Are you up to date with the Highway Code changes?

A survey carried out by the AA suggests 61% of drivers have not read the new guidance – have you?

In January this year, several updates and new rules were added to the Highway Code to protect vulnerable road users such as pedestrians, cyclists and horse riders. However, according to a survey carried out by the AA amongst its members, more than three fifths of UK motorists had not read the updates. Of the 13,327 members surveyed, 6972 had heard about the new rules but had not read them. A further 1,118 members were completely unaware of the updates.

NAPIT worker with van

Is your Highway Code knowledge up to date?

The new rules give greater priorities to non-motorised road users and include:

  • Vehicles should give at least 1.5m (4ft 11in) space when overtaking cyclists, and 2m (6ft 7in) for horses.
  • Drivers and other road users should give way to pedestrians crossing at road junctions and are not allowed to cut across vulnerable users when exiting a junction.
  • Cyclists are advised to ride in the centre of lanes on quieter roads, in slower-moving traffic and when approaching junctions.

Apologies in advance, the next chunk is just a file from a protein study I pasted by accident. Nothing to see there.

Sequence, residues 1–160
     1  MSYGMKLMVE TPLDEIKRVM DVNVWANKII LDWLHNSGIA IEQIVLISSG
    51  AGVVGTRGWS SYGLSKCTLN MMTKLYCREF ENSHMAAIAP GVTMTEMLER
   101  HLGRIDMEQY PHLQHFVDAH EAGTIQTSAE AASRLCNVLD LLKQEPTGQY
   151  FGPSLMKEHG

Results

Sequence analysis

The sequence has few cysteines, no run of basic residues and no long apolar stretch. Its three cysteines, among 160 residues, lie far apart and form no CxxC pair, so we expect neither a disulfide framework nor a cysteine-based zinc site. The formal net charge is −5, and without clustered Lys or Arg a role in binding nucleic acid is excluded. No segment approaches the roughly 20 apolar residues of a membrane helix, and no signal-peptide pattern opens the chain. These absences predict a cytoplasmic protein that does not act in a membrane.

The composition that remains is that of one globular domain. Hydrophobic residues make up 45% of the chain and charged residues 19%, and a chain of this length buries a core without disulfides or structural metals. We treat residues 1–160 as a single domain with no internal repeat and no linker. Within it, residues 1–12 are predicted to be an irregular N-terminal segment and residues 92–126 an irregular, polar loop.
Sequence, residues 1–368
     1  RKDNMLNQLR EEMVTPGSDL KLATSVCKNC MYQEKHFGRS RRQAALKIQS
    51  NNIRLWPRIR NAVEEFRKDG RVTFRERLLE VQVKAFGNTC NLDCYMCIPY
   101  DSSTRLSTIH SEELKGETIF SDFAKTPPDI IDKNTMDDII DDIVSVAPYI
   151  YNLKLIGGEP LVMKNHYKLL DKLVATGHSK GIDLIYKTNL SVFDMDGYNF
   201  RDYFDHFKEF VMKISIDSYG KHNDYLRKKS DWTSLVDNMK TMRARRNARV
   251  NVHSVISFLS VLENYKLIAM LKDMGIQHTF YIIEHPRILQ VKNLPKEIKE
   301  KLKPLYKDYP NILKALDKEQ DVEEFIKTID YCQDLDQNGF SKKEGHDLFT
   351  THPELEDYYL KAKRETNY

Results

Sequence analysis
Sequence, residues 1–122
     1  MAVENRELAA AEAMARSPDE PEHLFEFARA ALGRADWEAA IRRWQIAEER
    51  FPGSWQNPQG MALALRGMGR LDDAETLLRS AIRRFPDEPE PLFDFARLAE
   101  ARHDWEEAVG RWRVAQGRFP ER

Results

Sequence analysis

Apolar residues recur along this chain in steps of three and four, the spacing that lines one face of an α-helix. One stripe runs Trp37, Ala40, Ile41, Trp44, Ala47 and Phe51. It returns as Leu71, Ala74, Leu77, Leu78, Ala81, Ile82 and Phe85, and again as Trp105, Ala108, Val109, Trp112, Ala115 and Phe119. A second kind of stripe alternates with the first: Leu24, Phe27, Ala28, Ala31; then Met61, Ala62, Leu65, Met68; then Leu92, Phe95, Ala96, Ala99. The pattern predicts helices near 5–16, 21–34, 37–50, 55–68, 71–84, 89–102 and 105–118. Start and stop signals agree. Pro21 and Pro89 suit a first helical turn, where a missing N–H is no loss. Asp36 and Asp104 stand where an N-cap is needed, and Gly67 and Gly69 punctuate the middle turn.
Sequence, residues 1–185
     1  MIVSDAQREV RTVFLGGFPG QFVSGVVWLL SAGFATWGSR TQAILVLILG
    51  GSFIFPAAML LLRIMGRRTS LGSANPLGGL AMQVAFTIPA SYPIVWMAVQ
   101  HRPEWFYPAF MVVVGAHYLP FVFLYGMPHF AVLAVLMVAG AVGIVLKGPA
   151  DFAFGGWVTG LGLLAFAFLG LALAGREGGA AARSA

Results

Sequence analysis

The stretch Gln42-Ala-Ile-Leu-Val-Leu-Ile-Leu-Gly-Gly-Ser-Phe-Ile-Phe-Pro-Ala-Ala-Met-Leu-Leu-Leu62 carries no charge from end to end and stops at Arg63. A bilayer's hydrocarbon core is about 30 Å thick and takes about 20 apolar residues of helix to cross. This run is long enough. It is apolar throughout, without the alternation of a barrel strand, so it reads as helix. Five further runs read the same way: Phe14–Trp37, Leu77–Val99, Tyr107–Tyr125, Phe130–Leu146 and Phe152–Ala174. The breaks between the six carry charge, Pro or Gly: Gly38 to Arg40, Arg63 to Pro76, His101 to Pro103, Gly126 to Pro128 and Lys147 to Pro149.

In an interview with the BBC, Mary Williams OBE, Chief executive of road safety charity Brake, described the changes as “crucial” because they “better protect those most at risk, such as people walking and cycling”.

“Every 22 minutes someone is killed or seriously injured on UK roads,” she told the BBC, adding “more must be done” to promote new guidance so “all road users understand our shared responsibility to reduce deaths and serious injuries”.

Nine sections of the Highway Code have been updated, with 50 rules added or amended. The changes are advisory, so non-compliance won’t directly result in a fine or prosecution. However, compliance with the code may be used as evidence in any court proceedings to establish liability. Regardless, it’s essential for everyone to take note of the Highway Code revisions to keep themselves and others safe on the road.

Many of the original rules in the code are legal requirements; if they are disobeyed, it is considered a criminal offence.

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